Now, a logical constraint is that there can only be one “open” record for a given entity. Therefore, there can be zero or more “closed” records, and there must be a single “open” record. This constraint, however, has not been implemented on the database (naughty naughty) because our code is perfect and never makes a mistake 😉

This worked perfectly well until our thorough Java guy decided to do some load testing, in which a process would hammer away inserting, updating and deleting the same row over and over again, in multiple concurrent sessions.

This had the result that we ended up seeing lots of “open” records for the entity, which violates the logical constraint described above. “That’s not allowed” I said, and soon realised that the fact that multiple sessions are updating the same row means that even a trigger-based constraint check will not solve the problem, since the triggers cannot see updates from other sessions.

So, we need to have a lock of some sort, so that when one session wants to update an entity, other sessions cannot start updating it as well until the first one is finished. I can’t just lock the row I want to update, because after I’ve updated it, I still need the lock while I insert the new row.

The solution is to use a package supplied with Oracle calls DBMS_LOCK, with which I can request “user-named locks”. This package gives a lot of options but I’m only interested in simple Exclusive locks, so I’ll also create some wrapper procedures.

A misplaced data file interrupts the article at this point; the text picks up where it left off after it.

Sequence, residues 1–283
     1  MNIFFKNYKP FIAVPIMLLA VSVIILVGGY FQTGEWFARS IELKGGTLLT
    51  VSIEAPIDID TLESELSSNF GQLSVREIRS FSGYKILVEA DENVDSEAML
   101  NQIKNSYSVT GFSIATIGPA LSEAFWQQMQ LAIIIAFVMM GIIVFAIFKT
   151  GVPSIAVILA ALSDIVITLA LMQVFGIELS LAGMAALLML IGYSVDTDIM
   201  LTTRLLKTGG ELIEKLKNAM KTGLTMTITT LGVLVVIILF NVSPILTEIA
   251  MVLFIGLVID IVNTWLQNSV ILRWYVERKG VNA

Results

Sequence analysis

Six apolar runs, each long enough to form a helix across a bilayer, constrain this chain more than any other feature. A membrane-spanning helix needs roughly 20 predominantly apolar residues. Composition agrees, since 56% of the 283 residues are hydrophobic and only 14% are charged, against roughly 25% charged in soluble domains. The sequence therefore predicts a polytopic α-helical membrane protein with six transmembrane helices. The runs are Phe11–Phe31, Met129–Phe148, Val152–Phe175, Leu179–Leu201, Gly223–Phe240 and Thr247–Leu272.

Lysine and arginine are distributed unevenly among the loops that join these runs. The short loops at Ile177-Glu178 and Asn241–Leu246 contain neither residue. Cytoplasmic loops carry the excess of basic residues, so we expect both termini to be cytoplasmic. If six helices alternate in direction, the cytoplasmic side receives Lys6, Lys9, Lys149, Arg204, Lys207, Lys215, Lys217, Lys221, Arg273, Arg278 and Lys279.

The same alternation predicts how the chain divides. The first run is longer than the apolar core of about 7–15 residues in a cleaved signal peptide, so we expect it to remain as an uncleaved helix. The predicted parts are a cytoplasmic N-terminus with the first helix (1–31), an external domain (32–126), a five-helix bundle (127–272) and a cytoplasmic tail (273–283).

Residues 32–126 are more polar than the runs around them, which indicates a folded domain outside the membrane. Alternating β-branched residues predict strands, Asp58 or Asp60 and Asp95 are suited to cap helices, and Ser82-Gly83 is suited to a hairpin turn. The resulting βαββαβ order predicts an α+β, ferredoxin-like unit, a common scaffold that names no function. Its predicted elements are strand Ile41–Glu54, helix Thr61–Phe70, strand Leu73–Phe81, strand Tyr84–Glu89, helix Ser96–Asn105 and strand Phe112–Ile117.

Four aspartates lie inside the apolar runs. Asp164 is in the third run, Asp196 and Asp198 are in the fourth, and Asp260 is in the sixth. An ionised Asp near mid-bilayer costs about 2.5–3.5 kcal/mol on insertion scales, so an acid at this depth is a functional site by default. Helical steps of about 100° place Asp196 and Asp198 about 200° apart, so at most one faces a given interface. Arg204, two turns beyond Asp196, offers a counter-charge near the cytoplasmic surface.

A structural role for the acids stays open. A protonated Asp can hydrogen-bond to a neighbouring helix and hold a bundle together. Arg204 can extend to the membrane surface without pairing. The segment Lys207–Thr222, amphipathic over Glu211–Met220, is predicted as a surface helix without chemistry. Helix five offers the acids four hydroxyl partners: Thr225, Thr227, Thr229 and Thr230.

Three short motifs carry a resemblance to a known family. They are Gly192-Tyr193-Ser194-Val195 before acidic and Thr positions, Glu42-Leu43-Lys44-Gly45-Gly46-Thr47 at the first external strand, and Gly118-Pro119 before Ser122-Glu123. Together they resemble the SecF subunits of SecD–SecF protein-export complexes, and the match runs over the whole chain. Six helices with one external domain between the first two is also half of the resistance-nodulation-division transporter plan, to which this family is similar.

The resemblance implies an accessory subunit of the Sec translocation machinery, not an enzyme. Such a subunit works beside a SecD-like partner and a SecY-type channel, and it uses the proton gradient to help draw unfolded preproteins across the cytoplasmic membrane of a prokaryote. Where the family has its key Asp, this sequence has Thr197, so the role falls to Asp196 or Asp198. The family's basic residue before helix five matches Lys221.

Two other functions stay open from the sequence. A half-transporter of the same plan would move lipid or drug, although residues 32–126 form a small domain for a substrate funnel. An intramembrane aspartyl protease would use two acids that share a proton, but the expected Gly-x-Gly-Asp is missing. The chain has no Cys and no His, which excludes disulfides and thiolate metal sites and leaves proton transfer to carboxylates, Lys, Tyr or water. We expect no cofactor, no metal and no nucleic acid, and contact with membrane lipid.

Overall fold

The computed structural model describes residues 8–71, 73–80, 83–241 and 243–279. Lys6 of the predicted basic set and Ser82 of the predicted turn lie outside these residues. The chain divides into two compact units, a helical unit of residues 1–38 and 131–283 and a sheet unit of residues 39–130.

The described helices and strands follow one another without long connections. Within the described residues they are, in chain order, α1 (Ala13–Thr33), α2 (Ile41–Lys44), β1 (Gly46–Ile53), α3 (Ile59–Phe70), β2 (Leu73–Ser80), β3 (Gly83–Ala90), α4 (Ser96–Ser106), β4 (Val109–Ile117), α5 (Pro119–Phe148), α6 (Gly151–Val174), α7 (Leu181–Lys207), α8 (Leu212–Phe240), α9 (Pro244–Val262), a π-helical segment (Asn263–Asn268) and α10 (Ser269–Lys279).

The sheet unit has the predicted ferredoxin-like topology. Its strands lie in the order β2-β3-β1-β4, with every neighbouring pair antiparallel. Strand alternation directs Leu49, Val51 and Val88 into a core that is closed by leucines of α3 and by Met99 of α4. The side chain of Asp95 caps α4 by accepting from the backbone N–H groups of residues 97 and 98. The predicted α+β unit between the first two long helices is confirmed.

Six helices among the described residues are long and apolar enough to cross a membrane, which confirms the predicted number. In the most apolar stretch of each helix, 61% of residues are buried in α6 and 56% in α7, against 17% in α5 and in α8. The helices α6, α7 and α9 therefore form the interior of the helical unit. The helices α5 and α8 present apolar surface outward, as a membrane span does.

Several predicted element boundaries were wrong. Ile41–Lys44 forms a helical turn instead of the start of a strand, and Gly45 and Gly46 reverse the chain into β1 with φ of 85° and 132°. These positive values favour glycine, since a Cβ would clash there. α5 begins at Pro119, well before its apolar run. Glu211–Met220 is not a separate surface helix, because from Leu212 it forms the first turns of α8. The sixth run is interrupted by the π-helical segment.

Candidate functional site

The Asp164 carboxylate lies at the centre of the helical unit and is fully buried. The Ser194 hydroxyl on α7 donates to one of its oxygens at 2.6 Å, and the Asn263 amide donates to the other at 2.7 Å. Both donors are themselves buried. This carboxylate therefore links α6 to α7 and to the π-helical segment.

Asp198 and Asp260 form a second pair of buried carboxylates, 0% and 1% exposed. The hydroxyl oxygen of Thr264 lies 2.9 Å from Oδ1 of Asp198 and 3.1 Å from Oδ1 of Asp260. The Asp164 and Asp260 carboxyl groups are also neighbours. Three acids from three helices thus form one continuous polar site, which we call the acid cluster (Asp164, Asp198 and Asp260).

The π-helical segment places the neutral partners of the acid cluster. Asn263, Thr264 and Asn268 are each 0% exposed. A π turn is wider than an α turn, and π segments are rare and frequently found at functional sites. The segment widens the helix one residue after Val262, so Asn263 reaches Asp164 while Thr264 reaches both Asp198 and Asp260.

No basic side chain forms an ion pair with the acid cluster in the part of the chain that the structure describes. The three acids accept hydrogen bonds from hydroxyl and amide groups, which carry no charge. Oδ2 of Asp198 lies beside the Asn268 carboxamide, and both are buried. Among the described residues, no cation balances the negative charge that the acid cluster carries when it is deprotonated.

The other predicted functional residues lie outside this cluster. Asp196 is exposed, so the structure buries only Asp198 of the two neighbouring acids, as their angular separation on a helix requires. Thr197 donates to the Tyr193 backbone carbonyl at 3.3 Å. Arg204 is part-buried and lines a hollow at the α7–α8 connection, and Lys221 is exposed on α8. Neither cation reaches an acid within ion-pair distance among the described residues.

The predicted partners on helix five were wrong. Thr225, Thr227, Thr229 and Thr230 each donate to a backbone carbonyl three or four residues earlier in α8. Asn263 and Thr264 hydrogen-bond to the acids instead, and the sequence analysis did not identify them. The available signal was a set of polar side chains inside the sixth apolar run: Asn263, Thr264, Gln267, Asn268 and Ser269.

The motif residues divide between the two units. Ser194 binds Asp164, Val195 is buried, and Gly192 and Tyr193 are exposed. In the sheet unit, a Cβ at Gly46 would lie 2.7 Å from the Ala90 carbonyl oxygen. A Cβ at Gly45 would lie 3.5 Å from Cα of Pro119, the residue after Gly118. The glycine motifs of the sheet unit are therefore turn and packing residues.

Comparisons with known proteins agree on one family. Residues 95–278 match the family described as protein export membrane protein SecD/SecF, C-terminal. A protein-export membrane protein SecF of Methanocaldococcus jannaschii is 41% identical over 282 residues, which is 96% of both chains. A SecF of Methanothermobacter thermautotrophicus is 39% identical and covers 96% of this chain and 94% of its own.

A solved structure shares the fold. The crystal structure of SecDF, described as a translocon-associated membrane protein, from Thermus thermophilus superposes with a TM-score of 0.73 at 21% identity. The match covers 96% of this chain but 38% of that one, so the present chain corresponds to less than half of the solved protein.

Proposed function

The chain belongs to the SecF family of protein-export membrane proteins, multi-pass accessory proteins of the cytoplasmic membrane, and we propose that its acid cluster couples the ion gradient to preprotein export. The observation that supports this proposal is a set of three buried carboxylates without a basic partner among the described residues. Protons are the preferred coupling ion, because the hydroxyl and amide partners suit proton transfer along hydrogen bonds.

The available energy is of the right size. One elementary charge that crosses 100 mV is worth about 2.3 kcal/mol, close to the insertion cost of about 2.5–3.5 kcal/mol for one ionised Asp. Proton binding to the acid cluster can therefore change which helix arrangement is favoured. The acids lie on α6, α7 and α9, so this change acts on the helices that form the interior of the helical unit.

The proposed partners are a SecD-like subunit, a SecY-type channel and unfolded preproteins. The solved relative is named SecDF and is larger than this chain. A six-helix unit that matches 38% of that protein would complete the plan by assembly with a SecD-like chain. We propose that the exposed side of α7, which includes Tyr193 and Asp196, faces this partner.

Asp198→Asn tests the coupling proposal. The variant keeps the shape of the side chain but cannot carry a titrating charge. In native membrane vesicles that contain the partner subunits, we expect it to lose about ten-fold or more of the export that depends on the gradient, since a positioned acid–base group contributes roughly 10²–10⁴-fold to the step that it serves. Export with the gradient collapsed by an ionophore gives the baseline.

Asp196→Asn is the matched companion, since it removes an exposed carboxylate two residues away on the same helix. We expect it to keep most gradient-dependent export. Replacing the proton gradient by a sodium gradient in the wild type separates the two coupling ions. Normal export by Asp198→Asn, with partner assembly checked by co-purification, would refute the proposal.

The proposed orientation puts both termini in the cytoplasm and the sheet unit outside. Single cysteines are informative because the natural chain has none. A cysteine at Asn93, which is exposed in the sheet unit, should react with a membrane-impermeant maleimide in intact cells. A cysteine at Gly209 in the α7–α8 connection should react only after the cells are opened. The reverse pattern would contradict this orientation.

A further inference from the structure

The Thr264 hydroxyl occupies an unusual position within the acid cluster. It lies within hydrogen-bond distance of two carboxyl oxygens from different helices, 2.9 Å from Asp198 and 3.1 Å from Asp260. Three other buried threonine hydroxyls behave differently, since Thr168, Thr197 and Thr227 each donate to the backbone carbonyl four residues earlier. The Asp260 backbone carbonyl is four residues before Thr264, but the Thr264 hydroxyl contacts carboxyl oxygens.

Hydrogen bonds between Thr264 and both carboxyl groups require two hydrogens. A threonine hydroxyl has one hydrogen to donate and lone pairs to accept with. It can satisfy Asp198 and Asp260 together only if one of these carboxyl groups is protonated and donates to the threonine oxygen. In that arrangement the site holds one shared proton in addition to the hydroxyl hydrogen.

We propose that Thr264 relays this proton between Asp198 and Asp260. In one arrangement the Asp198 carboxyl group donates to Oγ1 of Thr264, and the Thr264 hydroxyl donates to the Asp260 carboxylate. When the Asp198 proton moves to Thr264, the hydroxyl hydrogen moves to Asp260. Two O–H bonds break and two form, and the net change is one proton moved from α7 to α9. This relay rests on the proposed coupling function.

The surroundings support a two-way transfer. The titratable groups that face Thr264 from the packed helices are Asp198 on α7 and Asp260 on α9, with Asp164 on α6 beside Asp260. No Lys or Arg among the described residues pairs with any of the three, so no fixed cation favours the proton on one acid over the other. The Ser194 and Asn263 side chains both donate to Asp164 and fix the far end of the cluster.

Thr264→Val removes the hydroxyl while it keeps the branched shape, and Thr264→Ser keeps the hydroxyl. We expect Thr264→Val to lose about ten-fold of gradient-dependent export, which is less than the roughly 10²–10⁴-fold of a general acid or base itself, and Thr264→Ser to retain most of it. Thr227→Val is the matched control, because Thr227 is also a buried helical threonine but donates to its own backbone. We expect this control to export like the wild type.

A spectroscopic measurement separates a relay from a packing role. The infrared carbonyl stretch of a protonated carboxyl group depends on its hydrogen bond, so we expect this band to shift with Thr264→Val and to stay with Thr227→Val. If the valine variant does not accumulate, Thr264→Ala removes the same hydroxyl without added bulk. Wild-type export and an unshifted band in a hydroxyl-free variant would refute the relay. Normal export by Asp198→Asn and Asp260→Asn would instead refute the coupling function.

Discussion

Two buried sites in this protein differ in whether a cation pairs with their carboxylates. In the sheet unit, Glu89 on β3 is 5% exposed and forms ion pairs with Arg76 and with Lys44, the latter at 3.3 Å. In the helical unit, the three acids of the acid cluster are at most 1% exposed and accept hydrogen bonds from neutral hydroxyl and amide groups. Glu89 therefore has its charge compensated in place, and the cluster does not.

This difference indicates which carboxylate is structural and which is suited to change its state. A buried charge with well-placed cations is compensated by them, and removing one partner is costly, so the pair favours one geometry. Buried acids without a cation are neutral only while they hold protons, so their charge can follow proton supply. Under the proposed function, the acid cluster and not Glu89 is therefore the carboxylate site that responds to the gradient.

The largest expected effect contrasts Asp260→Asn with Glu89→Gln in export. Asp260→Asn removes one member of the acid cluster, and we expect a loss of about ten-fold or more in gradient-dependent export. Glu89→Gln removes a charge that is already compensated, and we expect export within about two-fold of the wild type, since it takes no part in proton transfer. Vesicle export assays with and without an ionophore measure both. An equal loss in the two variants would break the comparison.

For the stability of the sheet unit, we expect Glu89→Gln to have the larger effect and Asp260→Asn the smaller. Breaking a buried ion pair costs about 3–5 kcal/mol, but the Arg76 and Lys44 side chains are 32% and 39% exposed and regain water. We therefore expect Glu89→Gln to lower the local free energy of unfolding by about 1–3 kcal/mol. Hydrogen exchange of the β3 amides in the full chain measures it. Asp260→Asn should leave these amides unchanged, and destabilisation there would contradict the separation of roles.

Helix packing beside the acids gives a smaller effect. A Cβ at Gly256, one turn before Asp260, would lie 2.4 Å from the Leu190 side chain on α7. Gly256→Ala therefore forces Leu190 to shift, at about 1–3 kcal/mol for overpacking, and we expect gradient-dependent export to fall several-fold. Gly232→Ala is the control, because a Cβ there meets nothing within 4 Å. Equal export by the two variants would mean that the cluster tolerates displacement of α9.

Easy, right? Well, yeah once you get past a few gotchas.

Try #1:

-- wrapper function to Request a lock; returns a lock handle
FUNCTION request_lock (lock_name IN VARCHAR2) RETURN VARCHAR2 IS
  lock_status NUMBER;
  lock_handle VARCHAR2(128);
BEGIN
  DBMS_LOCK.ALLOCATE_UNIQUE (
    lockname => lock_name,
    lockhandle => lock_handle,
    expiration_secs => 864000); -- 10 days
  lock_status := DBMS_LOCK.REQUEST(
    lockhandle => lock_handle,
    lockmode => DBMS_LOCK.X_MODE, -- eXclusive
    timeout => DBMS_LOCK.MAXWAIT, -- wait forever
    release_on_commit => TRUE);
  IF lock_status > 0 THEN
    RAISE_APPLICATION_ERROR(-20000,'request_lock failed: ' || lock_status);
  END IF;
RETURN lock_handle;
END request_lock;

-- wrapper to release a lock; call with the lock handle obtained previously
PROCEDURE release_lock (lock_handle IN VARCHAR2) IS
  lock_status NUMBER;
BEGIN
  lock_status := DBMS_LOCK.RELEASE(
    lockhandle => lock_handle);
  IF lock_status > 0 THEN
    RAISE_APPLICATION_ERROR(-20000,'release_lock failed: ' || lock_status);
  END IF;
END release_lock;

--example calling code
...
DECLARE
  lock_handle VARCHAR2(128);
BEGIN
  lock_handle := request_lock('MYLOCK1');
  -- do some stuff
  release_lock(lock_handle);
END;
...

The above code “worked” ok (although I hadn’t yet tested to see if it was actually getting the lock) until I started calling it from triggers on the views, when I started getting “ORA-04092: cannot commit in a trigger”. What the? I wasn’t doing any commits in my triggers. I couldn’t find any references to the DBMS_LOCK functions doing commits in the 10g documentation, but I thought, ok let’s make these wrappers Autonomous, so they can commit in peace:

Try #2:

FUNCTION request_lock (lock_name IN VARCHAR2) RETURN VARCHAR2 IS
  PRAGMA AUTONOMOUS_TRANSACTION;
  lock_status NUMBER;
  lock_handle VARCHAR2(128);
BEGIN
  DBMS_LOCK.ALLOCATE_UNIQUE (
    lockname => lock_name,
    lockhandle => lock_handle,
    expiration_secs => 864000); -- 10 days
  lock_status := DBMS_LOCK.REQUEST(
    lockhandle => lock_handle,
    lockmode => DBMS_LOCK.X_MODE, -- eXclusive
    timeout => DBMS_LOCK.MAXWAIT, -- wait forever
    release_on_commit => TRUE);
  IF lock_status > 0 THEN
    RAISE_APPLICATION_ERROR(-20000,'request_lock failed: ' || lock_status);
  END IF;
  RETURN lock_handle;
END request_lock;

PROCEDURE release_lock (lock_handle IN VARCHAR2) IS
  PRAGMA AUTONOMOUS_TRANSACTION;
  lock_status NUMBER;
BEGIN
  lock_status := DBMS_LOCK.RELEASE(
    lockhandle => lock_handle);
  IF lock_status > 0 THEN
    RAISE_APPLICATION_ERROR(-20000,'release_lock failed: ' || lock_status);
  END IF;
END release_lock;